I have no illusions that any of the men doing the damage will read (or would read) this. The post probably had more to do with a weird kind of personal catharsis than any attempt to “reach” anyone.

      September 17, 2012
  4. sandy walsh #

    i love the message. it is clear; God loves us. Three words to explore and pray about. I will put them in my mouth and chew on them at least 20 times before swallowing like my mother taught me (I love you mom), write them on my door frame, scribe them in my heart, and live them in my relationships. The more I accept this divine perfection from God the more I will understand His love and my worth as a follower of God. Thank-you Jesus for open eyes as I lay in Your arms. When I live these three words, God’s gift to us, I don’t have any other agendas to consider; there is no hate – it doesn’t factor -that would be my agenda, not God’s. God loves you – start with that. Say it often. It always feels good to hear it; ALWAYS.

    a connection from my life… when it is someone’s birthday I make a point of saying happy birthday to them over and over that day – sincerely – not joking around -with a smile on my face and love in my voice i say happy birthday at any opportunity. I really mean it each time. it seems like a weird thing to do but I have found that it always feels to good to the person receiving the salutation. i ask them, “doesn’t it feel good each time, even though I have already said it?” “the answer is always yes.” It is amazing to find that people just can’t get enough love, or, are not accustomed to being given an abundance of love. People crave to be truly loved. I know I want to be loved – and I am – in the greatest way possible – by God. It just doesn’t get any more complete than that.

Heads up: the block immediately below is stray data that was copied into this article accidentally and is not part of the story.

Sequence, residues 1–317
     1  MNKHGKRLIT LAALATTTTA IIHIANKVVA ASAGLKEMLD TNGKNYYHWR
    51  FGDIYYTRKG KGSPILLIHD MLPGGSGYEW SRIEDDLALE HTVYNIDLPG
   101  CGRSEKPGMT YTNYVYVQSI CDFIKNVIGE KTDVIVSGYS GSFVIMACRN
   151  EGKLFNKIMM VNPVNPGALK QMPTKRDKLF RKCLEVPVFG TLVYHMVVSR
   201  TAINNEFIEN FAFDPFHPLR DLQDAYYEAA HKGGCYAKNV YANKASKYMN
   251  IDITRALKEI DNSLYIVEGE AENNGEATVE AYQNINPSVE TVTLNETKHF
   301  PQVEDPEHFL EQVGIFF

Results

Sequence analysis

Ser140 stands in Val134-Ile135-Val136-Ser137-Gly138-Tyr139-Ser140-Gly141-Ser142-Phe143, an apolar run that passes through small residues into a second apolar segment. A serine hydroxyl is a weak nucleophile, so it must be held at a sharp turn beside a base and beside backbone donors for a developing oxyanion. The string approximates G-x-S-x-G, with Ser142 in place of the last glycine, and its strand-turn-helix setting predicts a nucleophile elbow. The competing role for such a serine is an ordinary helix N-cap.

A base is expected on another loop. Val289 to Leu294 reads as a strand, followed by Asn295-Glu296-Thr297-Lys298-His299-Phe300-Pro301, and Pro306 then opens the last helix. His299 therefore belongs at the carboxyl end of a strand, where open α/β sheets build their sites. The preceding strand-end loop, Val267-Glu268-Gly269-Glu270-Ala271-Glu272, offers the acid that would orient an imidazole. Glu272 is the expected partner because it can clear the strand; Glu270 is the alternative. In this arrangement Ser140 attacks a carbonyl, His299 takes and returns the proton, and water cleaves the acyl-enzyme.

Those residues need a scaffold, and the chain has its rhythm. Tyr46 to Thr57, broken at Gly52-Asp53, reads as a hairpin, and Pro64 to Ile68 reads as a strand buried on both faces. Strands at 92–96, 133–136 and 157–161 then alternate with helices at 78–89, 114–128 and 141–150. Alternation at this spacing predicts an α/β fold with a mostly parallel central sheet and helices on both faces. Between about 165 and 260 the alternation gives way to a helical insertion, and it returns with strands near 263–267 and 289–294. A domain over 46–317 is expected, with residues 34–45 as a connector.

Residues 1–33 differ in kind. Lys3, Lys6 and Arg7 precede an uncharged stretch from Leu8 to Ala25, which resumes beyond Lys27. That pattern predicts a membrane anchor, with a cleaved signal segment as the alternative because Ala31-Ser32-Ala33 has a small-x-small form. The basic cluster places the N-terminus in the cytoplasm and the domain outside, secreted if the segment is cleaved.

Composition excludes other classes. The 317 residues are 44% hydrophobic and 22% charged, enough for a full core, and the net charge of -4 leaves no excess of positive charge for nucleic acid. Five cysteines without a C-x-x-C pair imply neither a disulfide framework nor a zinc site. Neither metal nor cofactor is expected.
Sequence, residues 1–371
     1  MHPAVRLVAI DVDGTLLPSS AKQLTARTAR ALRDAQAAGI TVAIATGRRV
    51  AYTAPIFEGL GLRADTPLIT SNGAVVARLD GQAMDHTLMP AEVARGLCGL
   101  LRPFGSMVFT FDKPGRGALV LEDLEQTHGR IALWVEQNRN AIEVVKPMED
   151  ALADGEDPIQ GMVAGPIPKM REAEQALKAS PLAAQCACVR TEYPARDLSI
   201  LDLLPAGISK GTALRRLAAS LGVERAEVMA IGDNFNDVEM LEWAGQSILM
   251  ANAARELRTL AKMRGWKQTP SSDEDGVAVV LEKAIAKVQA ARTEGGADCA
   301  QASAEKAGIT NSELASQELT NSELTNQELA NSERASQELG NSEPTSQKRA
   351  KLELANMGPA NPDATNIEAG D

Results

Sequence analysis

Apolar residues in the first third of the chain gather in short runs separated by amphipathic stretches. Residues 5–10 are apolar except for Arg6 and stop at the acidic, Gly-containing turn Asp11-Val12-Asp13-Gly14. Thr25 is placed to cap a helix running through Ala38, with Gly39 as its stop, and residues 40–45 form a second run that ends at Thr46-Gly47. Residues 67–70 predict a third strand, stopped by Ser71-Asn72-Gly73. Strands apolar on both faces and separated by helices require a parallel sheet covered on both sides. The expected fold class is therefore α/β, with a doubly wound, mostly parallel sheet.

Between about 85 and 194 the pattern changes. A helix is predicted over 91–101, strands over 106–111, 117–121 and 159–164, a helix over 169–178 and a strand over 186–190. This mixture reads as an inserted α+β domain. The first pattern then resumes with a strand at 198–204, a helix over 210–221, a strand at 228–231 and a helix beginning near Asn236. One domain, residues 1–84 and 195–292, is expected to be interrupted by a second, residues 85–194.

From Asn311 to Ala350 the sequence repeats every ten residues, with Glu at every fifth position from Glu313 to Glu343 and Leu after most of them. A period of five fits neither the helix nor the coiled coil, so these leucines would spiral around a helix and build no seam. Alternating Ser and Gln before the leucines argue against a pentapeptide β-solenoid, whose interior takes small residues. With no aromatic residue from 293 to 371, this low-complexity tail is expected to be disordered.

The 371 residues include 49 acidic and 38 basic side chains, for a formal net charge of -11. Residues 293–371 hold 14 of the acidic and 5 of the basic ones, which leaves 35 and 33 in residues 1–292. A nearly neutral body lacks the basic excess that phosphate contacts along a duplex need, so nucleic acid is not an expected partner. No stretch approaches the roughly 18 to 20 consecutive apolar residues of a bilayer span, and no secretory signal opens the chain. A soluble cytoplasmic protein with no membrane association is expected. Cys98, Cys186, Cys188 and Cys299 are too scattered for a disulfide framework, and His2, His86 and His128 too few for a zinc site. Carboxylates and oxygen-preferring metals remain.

So, (long story still long) lol, the message is the answer to every question, injustice and worry – God loves you! God loves you 🙂 God loves you ❤ GOD LOVES YOU 🙂 God loves you. God loves you!

    September 18, 2012
    • Great story, Sandy—thanks for sharing this!

      September 18, 2012
  5. Kevin K #